Correlations Between Burrowing Owl and Black- Tailed Prairie Dog Declines: A 7-Year Analysis

  title={Correlations Between Burrowing Owl and Black- Tailed Prairie Dog Declines: A 7-Year Analysis},
  author={Martha J. Desmond and Julie A. Savidge and Kent M. Eskridge},
  journal={Journal of Wildlife Management},
Concern over the status of species associated with prairie dog colonies has increased with the recent proposed listing of black-tailed prairie dogs (Cynomys ludovicianus). We monitored burrowing owl (Athene cunicularia) populations and prairie dog densities in 17 black-tailed prairie dog colonies in the Nebraska panhandle between 1990 and 1996. All prairie dog colonies were controlled at least once during the study. We observed a 63% decline in nesting pairs of burrowing owls and significant… 

Factors Influencing Burrowing Owl Abundance in Prairie Dog Colonies on the Southern High Plains of Texas

The number of nesting Burrowing Owl pairs was positively correlated to colony area, but numbers and reproductive rate were not related to measures of vegetative composition and structure in prairie dog colonies, nor to indices of prey availability.

Occurrence and Habitat Characteristics of Burrowing Owl Nests in Gunnison's Prairie Dog Colonies of Northeastern Arizona

Recent declines of Gunnison's prairie dogs could adversely affect this owl, considered uncommon in northern Arizona, and habitat characteristics at Burrowing Owl nest burrows were studied.

Factors affecting Burrowing Owl occupancy of prairie dog colonies

Colonial attributes and loss of prairie dog colonies to sylvatic plague affected the occupancy of those colonies by Burrowing Owls in north-central Montana and the results reaffirmed the importance of colony size.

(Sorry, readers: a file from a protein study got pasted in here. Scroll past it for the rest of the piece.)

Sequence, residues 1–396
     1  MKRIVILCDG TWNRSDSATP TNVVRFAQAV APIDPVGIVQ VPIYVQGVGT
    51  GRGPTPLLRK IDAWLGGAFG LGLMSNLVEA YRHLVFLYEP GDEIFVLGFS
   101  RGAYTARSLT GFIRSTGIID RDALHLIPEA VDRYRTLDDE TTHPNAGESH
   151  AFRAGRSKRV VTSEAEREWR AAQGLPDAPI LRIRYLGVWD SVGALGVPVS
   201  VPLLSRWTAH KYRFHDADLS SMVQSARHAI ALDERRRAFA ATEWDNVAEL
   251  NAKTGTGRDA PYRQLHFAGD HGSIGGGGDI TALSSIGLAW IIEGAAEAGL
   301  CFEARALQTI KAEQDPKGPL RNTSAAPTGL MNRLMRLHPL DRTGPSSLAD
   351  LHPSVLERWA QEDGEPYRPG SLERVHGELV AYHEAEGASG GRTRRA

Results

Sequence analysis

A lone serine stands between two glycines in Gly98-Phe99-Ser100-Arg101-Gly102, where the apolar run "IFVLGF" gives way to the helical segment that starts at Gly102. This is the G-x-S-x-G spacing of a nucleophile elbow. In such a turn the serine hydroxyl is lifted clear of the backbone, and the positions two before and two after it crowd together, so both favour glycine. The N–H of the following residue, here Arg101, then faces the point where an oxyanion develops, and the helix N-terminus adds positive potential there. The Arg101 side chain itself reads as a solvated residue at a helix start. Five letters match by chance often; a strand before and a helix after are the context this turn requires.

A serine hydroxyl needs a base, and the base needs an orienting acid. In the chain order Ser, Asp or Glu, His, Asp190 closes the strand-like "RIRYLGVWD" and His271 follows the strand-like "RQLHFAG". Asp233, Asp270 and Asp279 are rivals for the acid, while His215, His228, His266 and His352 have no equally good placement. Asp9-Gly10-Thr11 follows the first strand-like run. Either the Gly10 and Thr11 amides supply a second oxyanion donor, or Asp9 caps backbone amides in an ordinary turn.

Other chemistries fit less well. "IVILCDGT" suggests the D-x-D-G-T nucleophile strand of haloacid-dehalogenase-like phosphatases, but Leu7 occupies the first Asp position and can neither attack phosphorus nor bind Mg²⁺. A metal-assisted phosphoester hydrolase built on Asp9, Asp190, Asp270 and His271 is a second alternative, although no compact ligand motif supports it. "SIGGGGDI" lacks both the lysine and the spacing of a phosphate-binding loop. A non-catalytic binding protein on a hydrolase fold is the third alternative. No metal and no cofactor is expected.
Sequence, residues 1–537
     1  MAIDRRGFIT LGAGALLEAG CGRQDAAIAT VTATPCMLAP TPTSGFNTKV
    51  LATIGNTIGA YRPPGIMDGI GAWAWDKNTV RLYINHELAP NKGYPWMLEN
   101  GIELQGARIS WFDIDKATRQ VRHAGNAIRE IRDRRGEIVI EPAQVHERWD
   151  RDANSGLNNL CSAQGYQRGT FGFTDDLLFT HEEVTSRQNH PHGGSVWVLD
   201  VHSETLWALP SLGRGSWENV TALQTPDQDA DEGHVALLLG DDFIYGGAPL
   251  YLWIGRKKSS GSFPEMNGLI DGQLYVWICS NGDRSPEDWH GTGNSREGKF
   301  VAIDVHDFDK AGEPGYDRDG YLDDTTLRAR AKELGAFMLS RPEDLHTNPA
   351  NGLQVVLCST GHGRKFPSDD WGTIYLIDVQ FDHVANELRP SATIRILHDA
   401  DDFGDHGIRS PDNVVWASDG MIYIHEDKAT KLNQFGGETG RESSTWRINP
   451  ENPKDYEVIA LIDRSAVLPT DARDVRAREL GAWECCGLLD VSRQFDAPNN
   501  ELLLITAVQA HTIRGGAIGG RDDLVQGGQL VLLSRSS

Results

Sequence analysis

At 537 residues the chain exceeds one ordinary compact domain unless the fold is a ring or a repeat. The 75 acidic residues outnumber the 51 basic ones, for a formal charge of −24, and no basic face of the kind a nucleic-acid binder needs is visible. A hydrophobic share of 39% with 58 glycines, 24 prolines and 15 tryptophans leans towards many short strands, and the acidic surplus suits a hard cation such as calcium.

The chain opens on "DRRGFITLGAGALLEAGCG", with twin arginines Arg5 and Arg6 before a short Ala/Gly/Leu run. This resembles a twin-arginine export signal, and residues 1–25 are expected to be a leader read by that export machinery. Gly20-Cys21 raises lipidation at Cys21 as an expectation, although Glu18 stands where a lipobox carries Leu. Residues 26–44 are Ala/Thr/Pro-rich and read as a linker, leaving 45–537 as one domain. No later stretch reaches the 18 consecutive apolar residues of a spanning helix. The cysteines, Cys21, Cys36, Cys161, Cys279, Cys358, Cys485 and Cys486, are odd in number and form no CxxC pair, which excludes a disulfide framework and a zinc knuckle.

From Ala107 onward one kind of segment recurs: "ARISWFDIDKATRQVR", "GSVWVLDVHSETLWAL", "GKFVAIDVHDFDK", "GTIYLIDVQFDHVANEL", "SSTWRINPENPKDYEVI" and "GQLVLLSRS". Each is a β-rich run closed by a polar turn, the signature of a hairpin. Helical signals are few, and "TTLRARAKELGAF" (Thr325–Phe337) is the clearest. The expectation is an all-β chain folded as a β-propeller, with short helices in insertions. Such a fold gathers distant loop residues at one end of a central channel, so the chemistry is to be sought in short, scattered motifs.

In general, Burrowing Owls that arrived early, initiated clutches sooner, and either nested at greater distances from nearest neighbors or had fewer owl nests within 250 m of the nest burrow, had larger clutches, larger broods, and more fledglings.

Multiscale Habitat Selection by Burrowing Owls in Black-Tailed Prairie Dog Colonies

Action is recommended to ensure persistence of the remaining prairie dog colonies as an important management strategy for burrowing owl conservation in the Great Plains of North America.

Influence of local and landscape characteristics of Prairie Dog colonies on Burrowing Owl nest ecology in South Dakota

  • K. Bly
  • Environmental Science
  • 2008
Evaluated habitat factors affecting a population of burrowing owls at the eastern extent of their range lend support for the value of maintaining prairie dog colonies to ensure the persistence ofBurrowing owl populations in the Great Plains ecosystem.


Monitoring of radio-tagged juveniles during the postfledging period in the Little Missouri National Grassland, North Dakota, found mortality was highest during the first two weeks after nest departure when juveniles were flightless, and two to three weeks later when juveniles became independent.

Tree Cover in the Surrounding Landscape Reduces Burrowing Owl (Athene cunicularia) Occupancy of Black-Tailed Prairie Dog Colonies in South Dakota

Abstract. Burrowing Owl (Athene cunicularia) population declines have led to the owl's designation as a species of conservation concern in South Dakota. Burrowing Owls nest primarily in black-tailed

Occupancy of Mountain Plover and Burrowing Owl in Colorado

Abstract Concern over the decline of grassland birds has spurred efforts to increase understanding of grassland bird–habitat relationships. Previous studies have suggested that black-tailed prairie

Spatial and Temporal Patterns In Population Trends and Burrow Usage of Burrowing Owls In North America